Ultimate Galápagos 2016 Trip Report

By Joe Van Os on Jun 15, 2016

The very strong El Niño phenomenon of the winter of 2015‒2016 did not seem to have the same devastating effect on wildlife that our group experienced when traveling to the Galápagos during the El Niño of 1997–1998.  At least this seemed to be true from what we could see on land.  As we traveled around the archipelago during the 1997 event, many Galápagos sea lions and hundreds and hundreds of marine iguanas could be found dead or dying on the beaches and ocean side lava flows.  This year, even though the phenomenon was very strong, there were some iguana casualties, but things for the most part seemed okay.  Presumably the Galápagos had dodged the El Niño bullet.
 
Our trip is called Ultimate Galápagos for good reason.  And it is “ultimate” because we see virtually all of the famous wildlife on this tour during our two-week voyage—as opposed to those trips with a short itinerary that spend only one week in the islands and miss some of the more interesting and noteworthy wildlife species and some significant islands.
 
What made this trip great could be easily summed up in a very short list.  We had a comprehensive itinerary.  Our spacious catamaran provided a perfect platform for our very congenial group of 16 participants and leaders to explore the archipelago.  We had a wonderful Galápagos native-born national park naturalist guide with us—a guy we have worked with for a number of years.  He is the best!  We had an excellent cook on board.  And, to top it all off, we had an enthusiastic captain and crew who made it easy for us to get ashore early and often with all of our photo gear.  Who could ask for more?

Many people who travel to the Galápagos go there partly for the sunshine and blue skies.  But for photographers, the best photography comes with a bit of bright overcast or puffy white cumulus clouds.  Fortunately for us we had a bit of both.  On one critical day when we went to Española (Hood) Island to photograph waved albatrosses we had almost perfect conditions to shoot these spectacular birds during their courtship display.  It was, for me, a rare event since most every other time I have been there I photographed the birds in blazing sunshine. 
 
Up in the north on Genovesa (Tower) Island we were treated to nesting Nazca boobies as well as courting great frigatebirds with their inflated bright red gular pouches.  These, of course, are another major highlight of bird photography in the Galápagos.  Genovesa, like Española, is one of the premier islands for wildlife photography in the archipelago—and one of these islands is almost always excluded when traveling only on a one week itinerary.  We had the best of both.
 
Other memorable encounters included an excursion into the cool highlands to photograph wild Galápagos tortoises.  Here we also did extremely well and it was another significant highlight of our photography adventure.  Throughout our trip we had great opportunities to shoot plenty of land and marine iguanas, Galápagos hawks—one eating an endemic Galápagos snake—flamingos, shorebirds, herons, the famous Darwin’s finches, and Galápagos sea lions and fur seals.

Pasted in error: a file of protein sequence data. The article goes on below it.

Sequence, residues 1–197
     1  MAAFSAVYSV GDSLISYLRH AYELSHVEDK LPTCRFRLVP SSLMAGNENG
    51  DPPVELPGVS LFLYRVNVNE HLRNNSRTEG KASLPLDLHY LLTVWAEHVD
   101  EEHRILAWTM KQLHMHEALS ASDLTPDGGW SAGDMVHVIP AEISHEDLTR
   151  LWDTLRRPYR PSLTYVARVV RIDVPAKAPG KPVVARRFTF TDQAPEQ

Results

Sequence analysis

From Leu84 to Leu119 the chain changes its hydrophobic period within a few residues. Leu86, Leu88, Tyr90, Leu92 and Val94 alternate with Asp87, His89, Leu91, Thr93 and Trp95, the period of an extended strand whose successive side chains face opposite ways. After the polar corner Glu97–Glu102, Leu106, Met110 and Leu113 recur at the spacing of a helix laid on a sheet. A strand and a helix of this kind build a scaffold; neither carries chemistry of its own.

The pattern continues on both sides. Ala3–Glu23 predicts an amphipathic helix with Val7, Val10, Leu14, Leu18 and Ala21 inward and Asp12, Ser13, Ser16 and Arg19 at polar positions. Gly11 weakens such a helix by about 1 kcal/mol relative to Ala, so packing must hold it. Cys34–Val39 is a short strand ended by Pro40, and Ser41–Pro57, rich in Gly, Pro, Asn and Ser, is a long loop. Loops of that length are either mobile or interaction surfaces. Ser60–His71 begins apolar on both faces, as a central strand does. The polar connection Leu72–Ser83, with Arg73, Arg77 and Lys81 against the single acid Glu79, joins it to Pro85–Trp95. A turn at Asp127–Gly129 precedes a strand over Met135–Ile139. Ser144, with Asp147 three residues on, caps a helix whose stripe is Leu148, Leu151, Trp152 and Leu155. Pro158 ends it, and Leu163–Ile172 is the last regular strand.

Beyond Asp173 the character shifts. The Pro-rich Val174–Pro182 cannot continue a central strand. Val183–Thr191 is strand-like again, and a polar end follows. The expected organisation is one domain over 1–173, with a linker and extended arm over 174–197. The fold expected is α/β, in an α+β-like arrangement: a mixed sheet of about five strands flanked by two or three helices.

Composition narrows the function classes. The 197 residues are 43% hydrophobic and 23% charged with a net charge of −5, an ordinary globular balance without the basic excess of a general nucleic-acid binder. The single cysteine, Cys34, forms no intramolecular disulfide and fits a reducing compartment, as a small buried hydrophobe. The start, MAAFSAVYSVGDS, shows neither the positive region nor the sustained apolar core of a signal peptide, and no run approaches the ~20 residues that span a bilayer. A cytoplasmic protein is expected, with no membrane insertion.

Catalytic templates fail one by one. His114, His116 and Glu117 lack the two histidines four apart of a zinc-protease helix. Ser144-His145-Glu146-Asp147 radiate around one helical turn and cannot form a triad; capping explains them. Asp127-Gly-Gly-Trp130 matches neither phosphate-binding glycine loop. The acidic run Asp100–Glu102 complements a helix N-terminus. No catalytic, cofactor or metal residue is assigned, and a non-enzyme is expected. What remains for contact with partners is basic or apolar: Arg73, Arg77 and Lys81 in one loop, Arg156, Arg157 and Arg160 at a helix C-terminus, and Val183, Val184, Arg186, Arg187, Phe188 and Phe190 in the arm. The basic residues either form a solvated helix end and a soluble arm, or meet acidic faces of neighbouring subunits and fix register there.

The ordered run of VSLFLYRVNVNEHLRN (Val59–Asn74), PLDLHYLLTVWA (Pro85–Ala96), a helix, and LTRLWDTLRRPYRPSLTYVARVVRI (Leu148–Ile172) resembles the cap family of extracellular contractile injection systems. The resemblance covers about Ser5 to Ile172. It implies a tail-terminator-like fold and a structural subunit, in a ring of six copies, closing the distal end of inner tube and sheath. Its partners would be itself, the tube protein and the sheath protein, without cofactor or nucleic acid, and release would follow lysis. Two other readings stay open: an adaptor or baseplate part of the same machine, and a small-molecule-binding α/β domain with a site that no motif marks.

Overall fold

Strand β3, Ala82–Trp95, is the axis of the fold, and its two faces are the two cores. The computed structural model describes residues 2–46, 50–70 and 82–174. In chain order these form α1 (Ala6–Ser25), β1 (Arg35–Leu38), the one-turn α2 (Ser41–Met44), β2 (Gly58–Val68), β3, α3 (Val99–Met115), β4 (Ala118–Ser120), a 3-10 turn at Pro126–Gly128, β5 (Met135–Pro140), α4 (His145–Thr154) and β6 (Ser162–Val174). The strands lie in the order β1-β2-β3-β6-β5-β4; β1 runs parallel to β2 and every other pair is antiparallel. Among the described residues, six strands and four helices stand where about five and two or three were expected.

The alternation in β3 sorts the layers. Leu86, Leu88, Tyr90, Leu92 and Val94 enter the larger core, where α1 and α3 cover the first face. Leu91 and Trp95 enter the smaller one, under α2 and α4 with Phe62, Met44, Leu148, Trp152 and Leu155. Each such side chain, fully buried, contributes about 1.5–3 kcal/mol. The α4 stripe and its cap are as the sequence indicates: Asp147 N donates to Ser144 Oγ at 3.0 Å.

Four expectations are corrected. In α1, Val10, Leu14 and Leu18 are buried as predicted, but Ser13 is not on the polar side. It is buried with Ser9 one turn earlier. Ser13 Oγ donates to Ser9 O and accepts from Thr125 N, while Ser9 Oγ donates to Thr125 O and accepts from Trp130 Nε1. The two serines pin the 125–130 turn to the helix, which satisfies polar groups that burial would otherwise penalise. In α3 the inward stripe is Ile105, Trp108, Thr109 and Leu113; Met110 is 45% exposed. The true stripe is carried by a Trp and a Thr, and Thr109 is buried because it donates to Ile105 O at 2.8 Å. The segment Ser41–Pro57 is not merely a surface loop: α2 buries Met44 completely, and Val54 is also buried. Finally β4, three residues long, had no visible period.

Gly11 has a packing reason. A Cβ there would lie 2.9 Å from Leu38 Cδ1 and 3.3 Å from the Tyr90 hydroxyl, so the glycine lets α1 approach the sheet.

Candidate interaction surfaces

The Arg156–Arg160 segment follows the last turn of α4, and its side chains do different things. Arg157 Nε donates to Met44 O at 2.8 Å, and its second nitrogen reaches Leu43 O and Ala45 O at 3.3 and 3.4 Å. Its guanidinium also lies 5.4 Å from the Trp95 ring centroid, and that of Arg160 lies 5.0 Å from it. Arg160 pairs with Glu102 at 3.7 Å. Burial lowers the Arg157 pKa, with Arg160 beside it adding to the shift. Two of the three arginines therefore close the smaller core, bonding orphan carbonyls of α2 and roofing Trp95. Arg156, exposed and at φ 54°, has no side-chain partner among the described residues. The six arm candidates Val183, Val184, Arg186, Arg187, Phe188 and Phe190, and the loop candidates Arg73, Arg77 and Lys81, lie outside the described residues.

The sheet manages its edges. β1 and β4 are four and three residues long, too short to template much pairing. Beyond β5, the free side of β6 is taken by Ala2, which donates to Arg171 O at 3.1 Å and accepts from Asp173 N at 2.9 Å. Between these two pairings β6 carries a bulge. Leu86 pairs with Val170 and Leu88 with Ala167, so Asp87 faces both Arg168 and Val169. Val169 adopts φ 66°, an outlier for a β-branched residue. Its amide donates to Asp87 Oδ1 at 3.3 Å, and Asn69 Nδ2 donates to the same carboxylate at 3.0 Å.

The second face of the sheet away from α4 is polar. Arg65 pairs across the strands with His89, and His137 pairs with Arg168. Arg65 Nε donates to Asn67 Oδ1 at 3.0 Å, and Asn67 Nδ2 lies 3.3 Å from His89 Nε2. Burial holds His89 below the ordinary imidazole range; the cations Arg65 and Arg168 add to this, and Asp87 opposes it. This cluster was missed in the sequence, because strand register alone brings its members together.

Whenever we charter boats in the Galápagos for our photography voyages we always charter 16-passenger vessels because that is a manageable group size for photography on shore.  Due to the amount of tourist traffic these islands receive during the course of the year, it is understandable why there are many restrictions placed on where you can go and how much time you can spend at each location.  But we were constantly surprised to watch boats (ships, actually) that discharged 50 to 100 passengers.  It is hard to imagine how anyone interested in serious photography on those trips could have accomplished much quality shooting as their groups (even though divided into smaller groups of 16 people each when on shore) would tightly circulate around the small landing areas.  We were often finishing our morning photo shoot as the light got harsh just as these groups were beginning to land on shore.  For photographers, bigger boats/ships are clearly not the way to go!
 
On a final note, if you’re heading to the islands it’s best to have at least one extra day in Quito or Guayaquil at the beginning of the trip in order to make sure you and your luggage arrive before you fly out to the islands.  Our trip always schedules that extra day and we use it for a tour of Quito and its environs. 
 
One notable event happened this year—we were able to get permission to photograph in the spectacular Iglesia de la Compañia de Jesús, a remarkable 17th-century Jesuit cathedral where photography is usually prohibited.  We were given a 30-minute permit to photograph what is considered to be one of the most significant works of Spanish Baroque architecture in South America.  The church is profusely decorated with gold leaf, gilded plaster and wood carvings, and we spread out to shoot its architectural features as efficiently as possible.  It was a great privilege and a fantastic experience—and a few of those images can be found at the end of the accompanying slide show.